Across the board cuts are lazy
There’s a lot of cost cutting going on these days, much of it necessary, appropriate and beneficial.
But the worst kind of spending reduction– one you should avoid yourself and be suspicious of in others– is the across-the-board cut.
Across-the-board cuts are lazy. They are also irresponsible.
A few months ago, an executive attending one of my workshops said, proudly, “I’m cutting all of my salespeople’s travel budgets by 50%.”
I asked, “Why all of their budgets, and why by the same amount?”
What if this executive has one salesperson who is incredibly effective in face-to-face meetings with customers? Maybe it makes sense to increase this person’s budget, and tell him to stay away from the office. Perhaps another sales person is particularly good on the phone. Cut his travel budget by 75%.
Here’s another example of lazy, broad-brush, across-the-board cost cutting: A company announces, “All departments will reduce headcount by 5% in light of the current economic downturn.”
I hear this and I want to ask a similar question to the one I asked above: Why all departments, and why all the same amount? Maybe the best way for this company to deal with the economic downturn is to double the size of one department and slash another department by 50%.
Since they are bad business decisions, why do business people make across-the-board cuts?
One reason: Bunker mentality. Many executives use business stress as an opportunity not to think. “We’re taking a lot of fire here, getting shot at from all directions, we better just hunker down, cut back, and ride this thing out.” (“Isn’t it a relief,” says this executive to himself, “with all of the pressures hitting us from the outside world, to have an excuse not to deal with all of this thinking and strategy stuff?”)
Another reason: Not being “fair” is uncomfortable. Executives often use across the board cuts as a way to avoid the difficult, uncomfortable, fidget-worthy process of saying, “Bill, I’m cutting your travel budget by 75%. Julie, I’m doubling yours.” Or, “Fred, you need to let half of your department go. Jim, you better start hiring, quickly.” It’s so much easier to treat everyone the same, but it’s really bad for your business.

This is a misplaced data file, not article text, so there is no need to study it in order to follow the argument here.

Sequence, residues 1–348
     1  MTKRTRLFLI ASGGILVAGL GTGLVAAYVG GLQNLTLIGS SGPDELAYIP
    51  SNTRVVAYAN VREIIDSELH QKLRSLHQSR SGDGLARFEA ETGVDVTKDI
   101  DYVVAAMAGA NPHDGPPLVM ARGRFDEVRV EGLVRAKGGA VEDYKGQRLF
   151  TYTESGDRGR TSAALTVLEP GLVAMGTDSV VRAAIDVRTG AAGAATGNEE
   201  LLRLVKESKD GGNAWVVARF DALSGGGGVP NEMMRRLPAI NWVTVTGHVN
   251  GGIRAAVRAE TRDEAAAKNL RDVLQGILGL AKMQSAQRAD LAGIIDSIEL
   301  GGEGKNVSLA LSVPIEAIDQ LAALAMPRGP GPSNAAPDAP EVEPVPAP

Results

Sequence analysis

The big reason: Laziness. Thinking is hard. Many people avoid it. Those who don’t avoid thinking are much better equipped to deal with the current state of events– whether that be a slight economic downturn or a full-blown economic recalibration like we are now experiencing.
Your business is a complicated beast trying to thrive in a complicated, pressure-filled, ever-changing world. If you want to have the agility to navigate this world, you need to practice discernment, deliberateness and deep thinking in order to recognize the different values that each part of your business contributes. Now is a time when it is critical to make optimal allocations of resources, because resources are tight. When you look beyond the across-the-board cut, you look at the unique values of each of your resources, and you can nurture – or cut – those resources in a sensible way.
As I wrote at the beginning of this article, you should be suspicious of across-the-board cuts. They are usually a sign that the people making the decision to cut haven’t thought hard enough. Most importantly, question yourself if you find yourself making broad-brush, generalized spending cuts. If you sharpen your thinking, and recognize that your business is made up of many different components that each contributes a unique value to your company, you will put yourself in a much better position to thrive in this time of economic turmoil.
This topic isn’t new to me. Here are more resources to help you avoid the pitfalls of across-the-board cuts:
No matter how many costs you cut, they can only help so much. Your business needs its own stimulus package.
Listen to my 2009 Readiness Teleseminar and download the workbook.